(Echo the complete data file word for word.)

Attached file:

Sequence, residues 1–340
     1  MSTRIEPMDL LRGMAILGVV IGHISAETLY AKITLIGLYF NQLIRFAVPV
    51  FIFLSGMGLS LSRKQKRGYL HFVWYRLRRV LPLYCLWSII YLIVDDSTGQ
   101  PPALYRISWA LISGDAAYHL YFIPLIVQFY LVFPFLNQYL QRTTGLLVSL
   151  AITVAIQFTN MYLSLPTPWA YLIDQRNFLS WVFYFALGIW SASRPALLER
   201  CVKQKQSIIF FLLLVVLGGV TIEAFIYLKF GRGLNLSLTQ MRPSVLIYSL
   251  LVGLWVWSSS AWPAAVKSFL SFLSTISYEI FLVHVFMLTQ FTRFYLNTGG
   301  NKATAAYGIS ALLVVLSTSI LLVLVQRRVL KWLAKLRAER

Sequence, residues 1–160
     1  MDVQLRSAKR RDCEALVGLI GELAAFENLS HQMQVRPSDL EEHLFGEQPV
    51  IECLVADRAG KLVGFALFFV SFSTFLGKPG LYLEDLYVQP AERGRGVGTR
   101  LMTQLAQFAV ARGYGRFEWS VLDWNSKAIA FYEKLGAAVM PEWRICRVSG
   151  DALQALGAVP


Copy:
Sequence, residues 1–340
     1  MSTRIEPMDL LRGMAILGVV IGHISAETLY AKITLIGLYF NQLIRFAVPV
    51  FIFLSGMGLS LSRKQKRGYL HFVWYRLRRV LPLYCLWSII YLIVDDSTGQ
   101  PPALYRISWA LISGDAAYHL YFIPLIVQFY LVFPFLNQYL QRTTGLLVSL
   151  AITVAIQFTN MYLSLPTPWA YLIDQRNFLS WVFYFALGIW SASRPALLER
   201  CVKQKQSIIF FLLLVVLGGV TIEAFIYLKF GRGLNLSLTQ MRPSVLIYSL
   251  LVGLWVWSSS AWPAAVKSFL SFLSTISYEI FLVHVFMLTQ FTRFYLNTGG
   301  NKATAAYGIS ALLVVLSTSI LLVLVQRRVL KWLAKLRAER

Sequence, residues 1–160
     1  MDVQLRSAKR RDCEALVGLI GELAAFENLS HQMQVRPSDL EEHLFGEQPV
    51  IECLVADRAG KLVGFALFFV SFSTFLGKPG LYLEDLYVQP AERGRGVGTR
   101  LMTQLAQFAV ARGYGRFEWS VLDWNSKAIA FYEKLGAAVM PEWRICRVSG
   151  DALQALGAVP